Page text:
Modeling cultural heritage data for online publication

Research output: Contribution to JournalArticleAcademicpeer-review

Abstract

An increasing number of cultural heritage institutions publish data online. Ontologies can be used to structure published data, thereby increasing interoperability. To achieve widespread adoption of ontologies, institutions such as libraries, archives and museums have to be able to assess whether an ontology can adequately capture information about their artifacts. We identify six requirements that should be met by ontologies in the cultural heritage domain, based upon modeling challenges encountered while publishing data of the Rijksmuseum Amsterdam and challenges observed in related work. These challenges regard specialization, object- and event-centric approaches, temporality, representations, views and subject matter. For each challenge, we investigate common modeling approaches, by discussing two models regularly used in the museum sector: the CIDOC Conceptual Reference Model and the Europeana Data Model. The outlined approaches and requirements provide insights for data modeling practices reaching beyond the cultural heritage sector.

LanguageEnglish
Pages255-271
Number of pages17
JournalApplied Ontology
Volume13
Issue number4
DOIs
StatePublished - 9 Nov 2018

Fingerprint

cultural heritage
Ontology
ontology
Museums
Data structures
museum
information capture
Interoperability
specialization
artifact
Cultural Heritage
Modeling
event

Keywords

  • cultural heritage
  • data models
  • linked data
  • museums
  • Ontologies
  • semantic web

Cite this

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title = "Modeling cultural heritage data for online publication",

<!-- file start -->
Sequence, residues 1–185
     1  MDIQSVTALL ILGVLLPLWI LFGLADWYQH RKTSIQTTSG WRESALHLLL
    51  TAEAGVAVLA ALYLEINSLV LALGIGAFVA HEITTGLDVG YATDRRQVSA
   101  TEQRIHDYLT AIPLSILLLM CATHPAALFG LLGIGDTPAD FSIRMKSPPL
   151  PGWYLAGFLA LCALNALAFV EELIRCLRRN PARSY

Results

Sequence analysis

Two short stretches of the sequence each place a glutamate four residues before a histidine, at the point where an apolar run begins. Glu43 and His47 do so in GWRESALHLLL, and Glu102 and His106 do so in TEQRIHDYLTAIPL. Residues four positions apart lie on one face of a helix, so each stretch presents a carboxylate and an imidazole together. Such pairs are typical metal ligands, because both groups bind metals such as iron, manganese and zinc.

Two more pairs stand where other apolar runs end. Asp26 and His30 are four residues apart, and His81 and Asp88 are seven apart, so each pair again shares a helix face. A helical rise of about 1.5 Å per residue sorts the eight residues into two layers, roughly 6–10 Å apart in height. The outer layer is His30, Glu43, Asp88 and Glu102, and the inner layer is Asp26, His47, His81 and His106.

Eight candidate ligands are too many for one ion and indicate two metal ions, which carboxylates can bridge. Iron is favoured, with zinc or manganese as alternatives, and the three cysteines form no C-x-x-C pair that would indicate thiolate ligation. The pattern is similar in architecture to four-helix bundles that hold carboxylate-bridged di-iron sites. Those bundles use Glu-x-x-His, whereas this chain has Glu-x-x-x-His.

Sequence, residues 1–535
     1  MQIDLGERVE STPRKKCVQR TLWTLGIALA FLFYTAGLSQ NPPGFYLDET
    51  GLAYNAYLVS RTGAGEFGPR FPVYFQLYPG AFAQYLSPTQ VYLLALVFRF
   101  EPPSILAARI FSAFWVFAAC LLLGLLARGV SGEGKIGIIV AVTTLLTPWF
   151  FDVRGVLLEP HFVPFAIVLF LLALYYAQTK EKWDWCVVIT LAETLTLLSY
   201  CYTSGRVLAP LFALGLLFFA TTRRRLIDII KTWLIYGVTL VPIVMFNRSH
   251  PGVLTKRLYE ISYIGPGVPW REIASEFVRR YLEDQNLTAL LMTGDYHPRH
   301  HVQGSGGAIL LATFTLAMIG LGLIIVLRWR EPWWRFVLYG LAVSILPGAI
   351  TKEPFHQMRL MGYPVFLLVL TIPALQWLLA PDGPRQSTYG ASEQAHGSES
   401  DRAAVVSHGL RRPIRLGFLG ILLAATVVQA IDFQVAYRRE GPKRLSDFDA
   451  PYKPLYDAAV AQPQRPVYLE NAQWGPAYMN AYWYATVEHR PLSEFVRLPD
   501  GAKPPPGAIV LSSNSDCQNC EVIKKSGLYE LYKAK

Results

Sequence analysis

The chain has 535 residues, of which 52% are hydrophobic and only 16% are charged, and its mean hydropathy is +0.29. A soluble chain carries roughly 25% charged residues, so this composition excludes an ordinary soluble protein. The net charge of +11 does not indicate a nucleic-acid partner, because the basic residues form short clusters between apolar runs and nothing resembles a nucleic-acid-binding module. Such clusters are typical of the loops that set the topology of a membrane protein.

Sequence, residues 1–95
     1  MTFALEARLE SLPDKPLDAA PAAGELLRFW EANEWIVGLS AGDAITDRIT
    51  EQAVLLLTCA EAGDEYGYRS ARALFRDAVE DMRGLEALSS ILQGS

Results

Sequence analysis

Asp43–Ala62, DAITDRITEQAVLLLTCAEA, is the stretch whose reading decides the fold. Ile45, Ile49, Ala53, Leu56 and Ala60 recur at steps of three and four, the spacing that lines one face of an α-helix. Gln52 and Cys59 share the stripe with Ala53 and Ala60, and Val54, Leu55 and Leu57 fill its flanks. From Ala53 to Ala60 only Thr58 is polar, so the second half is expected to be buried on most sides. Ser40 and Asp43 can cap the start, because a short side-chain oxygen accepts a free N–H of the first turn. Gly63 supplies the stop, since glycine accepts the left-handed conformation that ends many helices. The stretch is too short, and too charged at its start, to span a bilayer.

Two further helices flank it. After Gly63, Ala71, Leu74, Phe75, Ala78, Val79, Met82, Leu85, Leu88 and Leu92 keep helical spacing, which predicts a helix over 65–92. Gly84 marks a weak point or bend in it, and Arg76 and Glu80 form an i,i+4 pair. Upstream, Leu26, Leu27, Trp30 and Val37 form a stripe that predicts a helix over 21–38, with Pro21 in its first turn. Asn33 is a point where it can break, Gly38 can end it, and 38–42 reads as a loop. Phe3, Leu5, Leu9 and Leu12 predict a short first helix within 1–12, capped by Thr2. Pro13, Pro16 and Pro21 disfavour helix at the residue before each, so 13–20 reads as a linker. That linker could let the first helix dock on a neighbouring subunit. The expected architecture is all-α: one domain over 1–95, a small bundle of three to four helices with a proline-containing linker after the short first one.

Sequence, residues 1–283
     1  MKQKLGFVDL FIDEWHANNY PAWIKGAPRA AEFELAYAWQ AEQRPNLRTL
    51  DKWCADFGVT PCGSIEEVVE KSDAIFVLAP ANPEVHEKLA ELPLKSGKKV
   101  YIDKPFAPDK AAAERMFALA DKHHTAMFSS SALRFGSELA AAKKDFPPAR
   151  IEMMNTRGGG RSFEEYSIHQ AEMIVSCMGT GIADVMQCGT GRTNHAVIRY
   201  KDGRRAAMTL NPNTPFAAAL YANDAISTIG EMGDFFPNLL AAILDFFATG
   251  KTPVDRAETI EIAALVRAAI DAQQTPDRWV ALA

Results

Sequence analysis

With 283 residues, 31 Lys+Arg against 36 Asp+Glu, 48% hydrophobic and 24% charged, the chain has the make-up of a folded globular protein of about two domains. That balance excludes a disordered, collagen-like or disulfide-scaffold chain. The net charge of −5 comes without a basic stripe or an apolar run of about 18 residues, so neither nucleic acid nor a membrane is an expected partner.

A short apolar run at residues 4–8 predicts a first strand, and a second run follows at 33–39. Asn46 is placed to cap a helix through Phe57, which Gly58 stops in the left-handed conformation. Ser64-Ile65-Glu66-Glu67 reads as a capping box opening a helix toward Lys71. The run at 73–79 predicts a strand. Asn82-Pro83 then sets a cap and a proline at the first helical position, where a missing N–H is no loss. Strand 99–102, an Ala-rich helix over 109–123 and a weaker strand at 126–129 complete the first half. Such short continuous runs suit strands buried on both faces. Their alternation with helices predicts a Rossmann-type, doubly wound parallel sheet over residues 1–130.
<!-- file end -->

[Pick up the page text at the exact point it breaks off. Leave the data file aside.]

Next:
abstract = "An increasing number of cultural heritage institutions publish data online. Ontologies can be used to structure published data, thereby increasing interoperability. To achieve widespread adoption of ontologies, institutions such as libraries, archives and museums have to be able to assess whether an ontology can adequately capture information about their artifacts. We identify six requirements that should be met by ontologies in the cultural heritage domain, based upon modeling challenges encountered while publishing data of the Rijksmuseum Amsterdam and challenges observed in related work. These challenges regard specialization, object- and event-centric approaches, temporality, representations, views and subject matter. For each challenge, we investigate common modeling approaches, by discussing two models regularly used in the museum sector: the CIDOC Conceptual Reference Model and the Europeana Data Model. The outlined approaches and requirements provide insights for data modeling practices reaching beyond the cultural heritage sector.",
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Modeling cultural heritage data for online publication. / Dijkshoorn, Chris; Aroyo, Lora; Van Ossenbruggen, Jacco; Schreiber, Guus.

In: Applied Ontology, Vol. 13, No. 4, 09.11.2018, p. 255-271.

Research output: Contribution to JournalArticleAcademicpeer-review

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